The study was conducted in March 2016 study among a group of 20 industry decision-makers  on the buy and sell sides.

“The viewability standard is a good entry point but it doesn’t go far enough in terms of assessing viewabiliy. It’s not a high enough benchmark and it doesn’t work well enough across all the different [ad] formats and platforms,” said Dominic Finney, SVP strategy, Theorem. Most importantly, Finney said: “It doesn’t measure non-standard formats and most branding formats are non-standard. That’s a big issue.” 

Finney went further, noting that discrepancies exist among vendors such as Moat, Integral Ad Science, DoubleVerify and others—the companies that are actually reporting on viewability. “This is a major issue. You can’t be accurate in your reporting,” he said.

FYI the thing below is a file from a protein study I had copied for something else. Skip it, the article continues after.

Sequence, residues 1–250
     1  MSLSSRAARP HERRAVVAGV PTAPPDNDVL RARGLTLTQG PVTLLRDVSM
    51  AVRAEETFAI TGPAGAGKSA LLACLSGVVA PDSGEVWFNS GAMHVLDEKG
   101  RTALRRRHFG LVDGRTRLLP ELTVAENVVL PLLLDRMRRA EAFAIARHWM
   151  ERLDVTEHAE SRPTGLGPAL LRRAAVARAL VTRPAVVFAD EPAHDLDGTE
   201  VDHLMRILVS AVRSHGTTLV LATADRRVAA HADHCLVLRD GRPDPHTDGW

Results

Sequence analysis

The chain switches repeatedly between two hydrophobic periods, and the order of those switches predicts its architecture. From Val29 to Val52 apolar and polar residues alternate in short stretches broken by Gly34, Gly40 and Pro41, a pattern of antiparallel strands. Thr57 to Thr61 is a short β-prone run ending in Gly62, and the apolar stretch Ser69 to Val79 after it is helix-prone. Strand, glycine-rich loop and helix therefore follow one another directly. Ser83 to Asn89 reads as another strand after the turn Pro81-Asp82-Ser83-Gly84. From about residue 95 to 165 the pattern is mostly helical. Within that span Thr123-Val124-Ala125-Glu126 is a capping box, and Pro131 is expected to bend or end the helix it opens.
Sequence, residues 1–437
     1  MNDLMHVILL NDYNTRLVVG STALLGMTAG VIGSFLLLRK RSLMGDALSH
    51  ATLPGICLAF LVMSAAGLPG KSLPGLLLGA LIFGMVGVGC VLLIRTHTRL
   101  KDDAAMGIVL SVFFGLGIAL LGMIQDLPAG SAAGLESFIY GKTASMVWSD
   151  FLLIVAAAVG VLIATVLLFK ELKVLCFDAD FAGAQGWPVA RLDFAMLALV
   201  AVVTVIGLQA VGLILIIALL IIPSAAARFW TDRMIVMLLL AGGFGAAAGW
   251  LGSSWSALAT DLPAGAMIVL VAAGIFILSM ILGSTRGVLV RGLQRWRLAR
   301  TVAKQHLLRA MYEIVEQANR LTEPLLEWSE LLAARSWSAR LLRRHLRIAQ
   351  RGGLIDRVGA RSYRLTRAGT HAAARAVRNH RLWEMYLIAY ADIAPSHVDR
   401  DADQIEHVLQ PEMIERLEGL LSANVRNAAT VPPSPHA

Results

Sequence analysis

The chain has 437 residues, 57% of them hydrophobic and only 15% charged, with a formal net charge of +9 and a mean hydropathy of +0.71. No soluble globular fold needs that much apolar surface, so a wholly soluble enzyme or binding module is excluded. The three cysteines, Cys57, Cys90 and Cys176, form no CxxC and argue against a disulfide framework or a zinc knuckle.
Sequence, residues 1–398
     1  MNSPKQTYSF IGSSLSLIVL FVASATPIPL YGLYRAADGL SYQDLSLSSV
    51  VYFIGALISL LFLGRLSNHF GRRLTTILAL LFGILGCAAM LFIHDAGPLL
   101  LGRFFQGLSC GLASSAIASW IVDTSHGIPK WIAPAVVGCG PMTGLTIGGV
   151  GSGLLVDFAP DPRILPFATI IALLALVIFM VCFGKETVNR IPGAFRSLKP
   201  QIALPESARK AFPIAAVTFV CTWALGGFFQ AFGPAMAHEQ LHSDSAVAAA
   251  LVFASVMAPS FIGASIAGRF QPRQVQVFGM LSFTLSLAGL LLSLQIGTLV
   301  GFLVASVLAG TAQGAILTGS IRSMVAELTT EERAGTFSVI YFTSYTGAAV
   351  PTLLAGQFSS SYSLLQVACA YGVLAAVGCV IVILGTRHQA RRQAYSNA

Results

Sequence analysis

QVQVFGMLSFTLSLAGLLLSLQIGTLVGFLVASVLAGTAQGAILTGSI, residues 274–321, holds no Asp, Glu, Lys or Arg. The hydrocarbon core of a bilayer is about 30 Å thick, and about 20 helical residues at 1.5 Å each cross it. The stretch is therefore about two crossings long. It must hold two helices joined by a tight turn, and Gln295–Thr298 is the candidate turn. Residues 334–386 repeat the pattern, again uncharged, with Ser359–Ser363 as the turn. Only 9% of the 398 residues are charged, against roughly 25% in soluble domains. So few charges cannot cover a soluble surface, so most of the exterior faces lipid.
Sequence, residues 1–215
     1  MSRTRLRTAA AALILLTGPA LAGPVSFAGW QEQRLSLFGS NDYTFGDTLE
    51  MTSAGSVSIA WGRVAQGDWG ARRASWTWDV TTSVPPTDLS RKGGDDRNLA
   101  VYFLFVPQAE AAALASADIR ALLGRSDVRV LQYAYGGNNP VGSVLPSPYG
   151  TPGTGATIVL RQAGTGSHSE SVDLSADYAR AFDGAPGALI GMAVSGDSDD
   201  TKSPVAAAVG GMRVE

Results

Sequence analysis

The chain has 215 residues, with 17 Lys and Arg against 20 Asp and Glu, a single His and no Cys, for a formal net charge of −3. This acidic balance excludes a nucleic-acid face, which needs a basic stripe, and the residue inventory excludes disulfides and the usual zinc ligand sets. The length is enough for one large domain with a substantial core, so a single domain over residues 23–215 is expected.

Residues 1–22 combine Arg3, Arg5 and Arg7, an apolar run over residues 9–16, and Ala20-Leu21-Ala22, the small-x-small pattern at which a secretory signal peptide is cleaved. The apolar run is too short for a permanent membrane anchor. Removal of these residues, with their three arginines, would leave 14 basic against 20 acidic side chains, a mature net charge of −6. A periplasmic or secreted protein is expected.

Eighty-six percent of study participants maintained that, while viewability is a good start, the market should place as much focus on other brand metrics—including engagement, brand lift and brand recall—as on viewability metrics. Respondents also stated a need for those campaign metrics to align with core branding KPIs.

The study also finds that certain ad formats are less intrusive while offering more impact. Not surprisingly, video skin advertising, which allows brands to turn page takeovers into  personalized micro-sites that are intended to complement, rather than intrude on the user experience, is one. Other less-intrusive formats are video skippable and home page takeovers. “The less-intrusive formats with high impact are often not being measured effectively by current standards,” Finney said. Meanwhile, among the most intrusive formats are expandable banners, interstitials and video that’s not skippable.